Decoding ‘Fair Trade’

Fair trade products

“Fair Trade” is a term that is becoming increasingly popular. In fact, Fair Trade Certified products in the U.S. accounted for an estimated $1.1 billion in 2008, according to TransFair USA.

But what does “Fair Trade” really mean?

The Fair Trade Label guarantees products have been manufactured under strict social, economical and environmental guidelines.

Dideon recently bought a present for him and his family to celebrate his success at work: a cow. A prized asset in Rwanda, this cow provides milk for his wife and three children with enough left over to sell at the local market for extra income. He uses the cow’s manure for composting, which makes his soil even richer. Dideon is a Fair Trade coffee farmer in Rwanda. Photo: Fair Trade Certified via Facebook

Dideon, a Fair Trade coffee farmer in Rwanda, recently bought a present for himself and his family to celebrate his success at work: a cow. He uses the cow’s manure for composting, which makes his soil even richer. Photo: Fair Trade Certified via Facebook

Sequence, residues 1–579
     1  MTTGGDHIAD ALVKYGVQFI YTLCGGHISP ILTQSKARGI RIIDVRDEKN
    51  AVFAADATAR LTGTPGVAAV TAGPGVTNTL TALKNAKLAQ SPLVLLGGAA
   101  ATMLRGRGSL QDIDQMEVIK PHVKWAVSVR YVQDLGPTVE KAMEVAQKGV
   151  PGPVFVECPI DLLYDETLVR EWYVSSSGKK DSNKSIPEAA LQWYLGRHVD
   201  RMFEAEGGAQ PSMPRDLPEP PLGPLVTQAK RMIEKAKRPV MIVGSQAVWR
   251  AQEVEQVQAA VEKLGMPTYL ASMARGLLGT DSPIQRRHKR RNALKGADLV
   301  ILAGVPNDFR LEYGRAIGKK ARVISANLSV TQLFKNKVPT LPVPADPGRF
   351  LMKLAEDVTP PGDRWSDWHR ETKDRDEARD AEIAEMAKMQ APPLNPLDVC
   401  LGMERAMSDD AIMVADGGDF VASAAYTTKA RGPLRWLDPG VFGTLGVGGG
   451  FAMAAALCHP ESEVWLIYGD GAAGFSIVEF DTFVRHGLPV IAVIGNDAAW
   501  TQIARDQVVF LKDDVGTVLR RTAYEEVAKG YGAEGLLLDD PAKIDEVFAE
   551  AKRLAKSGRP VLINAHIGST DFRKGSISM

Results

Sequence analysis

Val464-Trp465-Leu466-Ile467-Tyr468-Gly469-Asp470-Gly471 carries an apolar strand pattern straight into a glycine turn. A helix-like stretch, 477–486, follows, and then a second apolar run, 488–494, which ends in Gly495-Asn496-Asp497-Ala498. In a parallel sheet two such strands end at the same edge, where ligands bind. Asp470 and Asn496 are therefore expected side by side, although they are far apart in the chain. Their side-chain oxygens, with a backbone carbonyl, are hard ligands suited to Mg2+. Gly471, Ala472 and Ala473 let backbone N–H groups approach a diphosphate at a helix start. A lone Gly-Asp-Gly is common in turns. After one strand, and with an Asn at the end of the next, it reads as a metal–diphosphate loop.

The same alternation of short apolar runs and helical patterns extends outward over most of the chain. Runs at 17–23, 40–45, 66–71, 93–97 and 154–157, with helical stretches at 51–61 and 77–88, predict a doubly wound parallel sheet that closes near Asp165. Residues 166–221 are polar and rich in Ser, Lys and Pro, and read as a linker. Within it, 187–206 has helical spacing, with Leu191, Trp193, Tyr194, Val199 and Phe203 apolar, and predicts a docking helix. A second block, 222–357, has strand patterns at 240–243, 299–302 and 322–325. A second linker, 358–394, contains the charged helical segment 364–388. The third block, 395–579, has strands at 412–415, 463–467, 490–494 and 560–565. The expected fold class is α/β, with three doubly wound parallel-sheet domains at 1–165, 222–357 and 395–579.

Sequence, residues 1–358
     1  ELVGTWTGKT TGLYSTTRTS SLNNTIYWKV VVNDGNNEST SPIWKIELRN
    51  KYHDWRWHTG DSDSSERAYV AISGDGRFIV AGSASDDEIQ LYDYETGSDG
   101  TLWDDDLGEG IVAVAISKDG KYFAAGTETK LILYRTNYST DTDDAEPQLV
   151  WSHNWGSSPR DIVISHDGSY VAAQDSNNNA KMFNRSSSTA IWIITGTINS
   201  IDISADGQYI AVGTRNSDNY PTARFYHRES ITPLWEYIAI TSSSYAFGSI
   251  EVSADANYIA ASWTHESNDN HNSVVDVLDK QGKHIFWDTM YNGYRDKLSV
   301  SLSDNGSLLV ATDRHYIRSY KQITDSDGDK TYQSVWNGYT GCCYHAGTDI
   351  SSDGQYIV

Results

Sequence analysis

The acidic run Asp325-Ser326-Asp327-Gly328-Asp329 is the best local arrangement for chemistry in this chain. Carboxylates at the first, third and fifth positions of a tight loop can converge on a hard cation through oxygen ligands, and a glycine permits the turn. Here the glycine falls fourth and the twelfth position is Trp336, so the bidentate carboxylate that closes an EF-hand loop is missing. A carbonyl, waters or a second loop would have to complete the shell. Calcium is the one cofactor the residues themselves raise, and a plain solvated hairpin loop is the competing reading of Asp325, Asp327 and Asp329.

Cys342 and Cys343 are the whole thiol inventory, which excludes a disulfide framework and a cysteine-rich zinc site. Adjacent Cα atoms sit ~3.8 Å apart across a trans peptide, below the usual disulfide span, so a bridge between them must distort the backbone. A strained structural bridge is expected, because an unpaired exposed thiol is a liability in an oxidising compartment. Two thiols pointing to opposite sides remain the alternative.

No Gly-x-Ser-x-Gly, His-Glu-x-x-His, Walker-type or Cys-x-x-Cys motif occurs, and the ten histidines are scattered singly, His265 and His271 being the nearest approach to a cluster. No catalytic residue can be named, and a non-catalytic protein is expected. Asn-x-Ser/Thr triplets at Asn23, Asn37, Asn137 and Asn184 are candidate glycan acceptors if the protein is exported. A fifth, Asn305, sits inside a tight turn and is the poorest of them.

Certifications in the U.S. are currently available for coffee, tea and herbs, cocoa and chocolate, fresh fruit, flowers, sugar, rice and vanilla.

Throughout the month of October, companies are linking up with community organizations, student groups, faith-based initiatives and other non-profits to raise awareness of Fair Trade Certified products and the farmers and farm workers who produce these items.

Transfair USA is also celebrating Fair Trade Month with its “31 Days, 31 Ways” campaign. Each day, TransFair USA will post a new fact about Fair Trade and a simple way in which consumers can support it. The organization is also giving away prizes via Twitter (@fairtradeusa).

“By dedicating an entire month to promoting Fair Trade Certified products, we help to grow product sales, which benefits retailers, companies with licensed products, and most importantly, farmers and farm workers around the world,” said Paul Rice, president and CEO of TransFair USA. “This is a great example of how our individual purchasing power can empower farmers from some of the world’s poorest countries.”

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Comments

  1. As time goes on, it will be interesting to see which ideals become more prevalent, particularly in the food industries: fair trade, local/sustainable, or organic.

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